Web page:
As comical as these pictures are, there’s actually something to be said here about the culture in which an increasingly professionalized group of Anglo-American intellectuals operated. Sports such as rugby, American football, baseball, and rowing loomed large in schools and universities on both sides of the Atlantic, and the history of universities and of institutions like the Rhodes Scholarships tells us lots about the racialized valences of this. But that’s not the whole story: among university men in England—even those who weren’t particularly athletic or oriented toward a “muscular Christian” attitude—Alpine adventuring and other winter sports were particularly trendy in the latter decades of the nineteenth century. In January 1884, the Oxford Magazine satirically commented on the fad for mountain-climbing by suggesting, “It is proposed to utilise Port Meadow [a large tract of common land in Oxford] by importing and erecting upon it a genuine Alp, to be selected by the Oxford members of the Alpine Club, from whose number a Reader in Alpine Climbing might be appointed” (vol. 2 issue 1, 19 (Bodleian Library)). Long-distance walking was also popular, as Arthur Sidgwick’s diaries show: Sidgwick records astonishingly long walking trips across England, such as from Oxford to Windsor, a distance of almost fifty miles on present-day roads. But the Alps loomed particularly large in the culture in which most of the middle-class British people connected to education and ideas in this period operated: they had the disposable income for holidays and the knowledge of French and German, and groups of young men or nuclear family units often holidayed in the Swiss Alps. John Addington Symonds (top picture) met his wife there while on holiday with a group of friends (she, also English, was on holiday with her family); later, having contracted tuberculosis, he and his family moved permanently to Davos, site of a primarily anglophone health resort for people with respiratory illnesses. The whole Symonds family became heavily involved in winter sports, and while this reflected something about the English culture to which they belonged, it also may have helped the family to move beyond their English enclave. Symonds’ daughters Margaret and Katherine both record in memoirs about their childhood in Davos that through winter sports they interacted with local children of different class backgrounds, while Symonds père was celebrated in the local community for sponsoring an annual toboggan race.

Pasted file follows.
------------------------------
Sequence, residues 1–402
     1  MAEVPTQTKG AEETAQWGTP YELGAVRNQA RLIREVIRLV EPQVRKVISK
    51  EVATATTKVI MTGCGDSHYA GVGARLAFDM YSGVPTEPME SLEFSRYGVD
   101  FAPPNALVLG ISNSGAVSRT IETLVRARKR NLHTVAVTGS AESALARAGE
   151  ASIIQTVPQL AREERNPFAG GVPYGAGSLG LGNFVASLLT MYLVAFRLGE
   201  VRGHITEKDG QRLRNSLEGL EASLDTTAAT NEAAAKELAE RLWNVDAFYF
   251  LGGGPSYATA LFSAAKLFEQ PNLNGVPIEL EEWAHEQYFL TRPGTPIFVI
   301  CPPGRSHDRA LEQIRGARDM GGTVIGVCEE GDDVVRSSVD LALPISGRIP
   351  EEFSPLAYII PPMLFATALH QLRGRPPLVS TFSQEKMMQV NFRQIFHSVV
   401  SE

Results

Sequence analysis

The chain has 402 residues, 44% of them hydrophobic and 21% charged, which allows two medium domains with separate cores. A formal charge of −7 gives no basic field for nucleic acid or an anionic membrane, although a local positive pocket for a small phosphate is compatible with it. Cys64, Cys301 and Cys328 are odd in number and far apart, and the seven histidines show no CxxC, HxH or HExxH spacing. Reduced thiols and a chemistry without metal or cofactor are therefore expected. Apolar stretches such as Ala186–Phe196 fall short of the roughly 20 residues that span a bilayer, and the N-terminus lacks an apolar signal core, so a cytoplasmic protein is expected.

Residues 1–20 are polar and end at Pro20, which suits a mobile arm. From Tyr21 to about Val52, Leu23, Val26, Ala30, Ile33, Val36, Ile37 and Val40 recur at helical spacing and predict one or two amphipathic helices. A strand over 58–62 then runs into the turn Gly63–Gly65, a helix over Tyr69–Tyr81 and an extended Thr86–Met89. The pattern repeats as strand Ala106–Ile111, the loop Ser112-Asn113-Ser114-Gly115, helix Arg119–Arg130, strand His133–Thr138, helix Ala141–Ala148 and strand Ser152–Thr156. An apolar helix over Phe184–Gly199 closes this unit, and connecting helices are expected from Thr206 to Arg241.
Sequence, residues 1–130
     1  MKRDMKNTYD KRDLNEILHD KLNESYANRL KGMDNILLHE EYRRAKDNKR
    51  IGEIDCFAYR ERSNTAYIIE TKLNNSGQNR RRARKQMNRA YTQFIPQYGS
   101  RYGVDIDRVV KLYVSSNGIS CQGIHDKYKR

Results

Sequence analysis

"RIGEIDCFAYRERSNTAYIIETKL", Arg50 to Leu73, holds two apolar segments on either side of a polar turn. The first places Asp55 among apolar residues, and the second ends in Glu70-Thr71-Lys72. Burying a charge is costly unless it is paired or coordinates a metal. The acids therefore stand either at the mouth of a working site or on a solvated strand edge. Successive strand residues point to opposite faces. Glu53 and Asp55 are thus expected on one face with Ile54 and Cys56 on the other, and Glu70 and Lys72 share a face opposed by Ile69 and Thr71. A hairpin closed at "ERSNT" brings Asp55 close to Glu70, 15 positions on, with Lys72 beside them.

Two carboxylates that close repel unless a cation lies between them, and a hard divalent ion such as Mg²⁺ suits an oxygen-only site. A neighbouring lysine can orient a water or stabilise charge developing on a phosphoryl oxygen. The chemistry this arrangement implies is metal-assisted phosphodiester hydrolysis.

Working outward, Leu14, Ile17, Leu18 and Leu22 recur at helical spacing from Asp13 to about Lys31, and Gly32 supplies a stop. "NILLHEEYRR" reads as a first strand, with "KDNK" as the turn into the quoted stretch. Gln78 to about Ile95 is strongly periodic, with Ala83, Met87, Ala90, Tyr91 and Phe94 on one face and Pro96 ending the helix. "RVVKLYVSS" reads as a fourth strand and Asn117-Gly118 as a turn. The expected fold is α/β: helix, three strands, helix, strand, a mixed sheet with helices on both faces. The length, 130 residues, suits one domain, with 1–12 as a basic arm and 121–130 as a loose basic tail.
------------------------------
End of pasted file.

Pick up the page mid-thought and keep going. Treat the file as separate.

It’s not wildly implausible that the Symonds daughters’ enthusiasm for winter sports might have rubbed off on other educated women of their generation involved in internationalist charitable causes, as they were. There’s no way of knowing this, but the bottom picture depicts two women of the same age who moved in a similar orbit: Virginia Gildersleeve, Dean of Barnard College from 1911 through the Second World War, and Caroline Spurgeon, a professor of medieval literature at Bedford College, London, who were long-term romantic partners. I don’t know where or when this photograph was taken, but I found it in a folder of other photographs and memorabilia that document Spurgeon’s and Gildersleeve’s relationship. Due to being lost among Gildersleeve’s papers for some years, this one file escaped the flames to which most of the couple’s letters and so on were consigned. With the dog, it’s very much a family group, and it evokes something about what William Whyte has called intellectuals’ “lives beyond their books” (18).

In the same article, Whyte also asks us to consider “the way in which walking, and cycling, rowing and mountaineering became the characteristic—and self-consciously characteristic—occupations of the intellectual aristocracy” (35). Whatever one might think about the usefulness of the label “intellectual aristocracy,” I think this is true of this group of British professional intellectuals and their families, and it seems to transcend strict gender lines or religious, political, and imperial ideologies. I’m not entirely sure what to make of this—if you have some ideas, I hope you’ll share them in the comments! But it’s a useful and evocative reminder that intellectuals are people—with significant relationships, children, health concerns, and even hobbies—as much as they are generators of ideas.